On-going hunger strike in The Hague to support imprisoned asylum seekers in The Netherlands

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The Hague – Activists on their second day of hunger strike have been supporting imprisoned asylum seekers in the Netherlands who officially started the strike on 1 May 2013, protesting against a dysfunctional asylum Dutch policy.

Around 20 activists were gathered today at Plein in The Hague city centre to hold a hunger strike that has started yesterday morning at 10.00 on a rainy day.

Jan Willem Hordijk, a spoke-person of the peaceful sit-in, is a student at Ede University and member of ‘Kritische Studenten Utrecht’ and ‘Deportation Resistance Group’. “Hunger strikes have a strong impact on the public and our strike is also a solidarity statement to support the thousands refugees who have been unjustly imprisoned in Holland”, he stated today.

The protest though is not only for those imprisoned but also to thousands refugees who live ‘trapped’ in The Netherlands on the streets, without documents, without money, without access to services.

According to the latest statistics of the ministry of Justice, around 100,000 people live illegally in the Netherlands, 45,000 people of this group have an asylum background. Around 10,000 voluntarily return to their country of origin, because they often end up living on the streets.

Allawy, an Iraqi citizen, is a refugee and asylum seeker in The Netherlands since 2007 when he arrived to the country. “I stayed for the first three years in an asylum centre in Alkmaar, then I was thrown on the streets due to the negative judgment of my application. Since then I lived with the help of churches and friends.”

Allawy is one of the many  ‘homeless’ refugees. Every year around 6.000 asylum seekers, whose applications have been denied at the last appeal, live on the streets. Many undocumented refugees get the residency though, others obtain a Refugee Residency Permit, others have children with Dutch nationality thus can stay, and others receive a legal residency due to medical issues.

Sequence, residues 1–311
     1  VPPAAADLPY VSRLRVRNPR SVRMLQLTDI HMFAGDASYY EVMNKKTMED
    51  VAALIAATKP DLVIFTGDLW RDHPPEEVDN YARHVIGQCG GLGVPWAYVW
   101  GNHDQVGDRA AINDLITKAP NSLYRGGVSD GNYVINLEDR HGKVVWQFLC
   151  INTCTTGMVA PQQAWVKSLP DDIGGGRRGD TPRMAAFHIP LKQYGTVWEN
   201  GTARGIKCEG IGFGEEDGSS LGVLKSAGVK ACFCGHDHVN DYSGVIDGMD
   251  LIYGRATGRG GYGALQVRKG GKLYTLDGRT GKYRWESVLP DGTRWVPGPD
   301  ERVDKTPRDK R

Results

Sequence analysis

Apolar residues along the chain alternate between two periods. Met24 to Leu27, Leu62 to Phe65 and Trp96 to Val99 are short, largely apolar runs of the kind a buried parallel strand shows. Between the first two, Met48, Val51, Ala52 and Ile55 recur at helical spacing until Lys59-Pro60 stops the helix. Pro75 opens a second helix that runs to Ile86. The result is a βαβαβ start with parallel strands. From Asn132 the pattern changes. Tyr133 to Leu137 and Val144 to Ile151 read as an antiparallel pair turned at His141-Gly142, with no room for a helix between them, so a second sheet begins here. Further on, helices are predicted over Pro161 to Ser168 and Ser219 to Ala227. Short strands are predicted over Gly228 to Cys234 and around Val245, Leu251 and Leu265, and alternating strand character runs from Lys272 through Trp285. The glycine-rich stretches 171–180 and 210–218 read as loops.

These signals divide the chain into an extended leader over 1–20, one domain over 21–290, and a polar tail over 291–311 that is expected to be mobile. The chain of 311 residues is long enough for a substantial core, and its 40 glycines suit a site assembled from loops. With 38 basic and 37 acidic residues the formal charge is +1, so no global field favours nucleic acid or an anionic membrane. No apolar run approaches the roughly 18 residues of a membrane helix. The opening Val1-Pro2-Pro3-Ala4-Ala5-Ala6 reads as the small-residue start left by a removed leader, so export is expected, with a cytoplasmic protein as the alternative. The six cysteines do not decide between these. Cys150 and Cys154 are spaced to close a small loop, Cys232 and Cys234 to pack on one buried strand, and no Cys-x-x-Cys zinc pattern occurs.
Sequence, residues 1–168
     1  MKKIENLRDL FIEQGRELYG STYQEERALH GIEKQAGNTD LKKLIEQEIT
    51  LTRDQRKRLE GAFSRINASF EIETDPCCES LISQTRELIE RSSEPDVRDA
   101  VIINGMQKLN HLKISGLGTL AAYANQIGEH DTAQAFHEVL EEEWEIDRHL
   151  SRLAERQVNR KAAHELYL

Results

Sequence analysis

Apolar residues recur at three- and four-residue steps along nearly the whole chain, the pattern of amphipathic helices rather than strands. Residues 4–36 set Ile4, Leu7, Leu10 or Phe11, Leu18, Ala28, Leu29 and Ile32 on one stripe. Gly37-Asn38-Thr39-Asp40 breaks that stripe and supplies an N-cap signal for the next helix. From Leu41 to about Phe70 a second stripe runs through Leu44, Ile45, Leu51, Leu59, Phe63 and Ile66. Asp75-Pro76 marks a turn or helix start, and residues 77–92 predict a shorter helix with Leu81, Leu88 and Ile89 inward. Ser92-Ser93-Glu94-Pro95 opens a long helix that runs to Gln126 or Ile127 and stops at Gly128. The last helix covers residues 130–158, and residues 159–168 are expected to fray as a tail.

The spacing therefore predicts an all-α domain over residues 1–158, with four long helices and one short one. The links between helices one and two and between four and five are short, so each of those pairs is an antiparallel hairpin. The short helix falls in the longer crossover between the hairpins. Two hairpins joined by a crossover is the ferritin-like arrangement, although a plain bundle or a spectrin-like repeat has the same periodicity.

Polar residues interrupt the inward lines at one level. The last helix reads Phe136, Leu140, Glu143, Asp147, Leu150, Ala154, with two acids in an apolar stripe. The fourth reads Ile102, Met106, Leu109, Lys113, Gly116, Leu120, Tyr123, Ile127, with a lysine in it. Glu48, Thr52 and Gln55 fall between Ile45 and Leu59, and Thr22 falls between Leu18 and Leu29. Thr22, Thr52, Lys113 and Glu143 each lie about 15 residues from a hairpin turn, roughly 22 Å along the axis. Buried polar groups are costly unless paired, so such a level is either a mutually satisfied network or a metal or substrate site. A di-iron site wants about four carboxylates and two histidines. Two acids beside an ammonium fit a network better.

The Dutch policy on asylum has seen many developments and changes since 1998, when the principle of personal responsibility was enacted. In case asylum seekers were difficult to be deported, they were put on the streets with an order to organize their own return to their home country.

However, refugees face many hurdles in ‘organizing their return’ while living on the streets and with no access to basic social services. Returning is not possible for many of them because their country of origins will not accept them back; examples are Ethiopia, China, Mauretania, Yemen, Mali, and Guinea, which in only some cases allow this measure.

As a result, rejections of asylum applications increased and the number of asylum applicants drastically decreased from about 47.000 a year before 1999 to 14.000 in 2011 – EU and UN data revealed.

In 2011 the Dutch Prime Minister Mark Rutte claimed at a cabinet meeting in The Hague that: “The asylum policy will become more selective and more restrictive”.

Human Rights Watch and the EU commissioner Cecilia Malmström expressed concerns many times regarding the tougher and tougher Dutch immigration and asylum policy. The Netherlands adopts an “integration test” only with immigrants from specific countries who want to join their family members or spouses. Citizens from the European Union (EU), the European Economic Area (EEA), Switzerland, Australia, Canada, Japan, New Zealand, South Korea, and the US are exempted from this test and from any financial requirements to be met.

On 17th of January 2013 the Russian asylum seeker Aleksandr Domatov committed suicide in the detention Centre of Rotterdam Airport. The SP Parliament Member Sharon Gesthuizen strongly questioned the effectiveness of the Dutch asylum policy, nonetheless its inhumanity.

The Netherlands represents today one of the strictest European countries in terms of asylum and immigration policy and is holding the European record for detaining non-documented refugees.

Laura Zuffi

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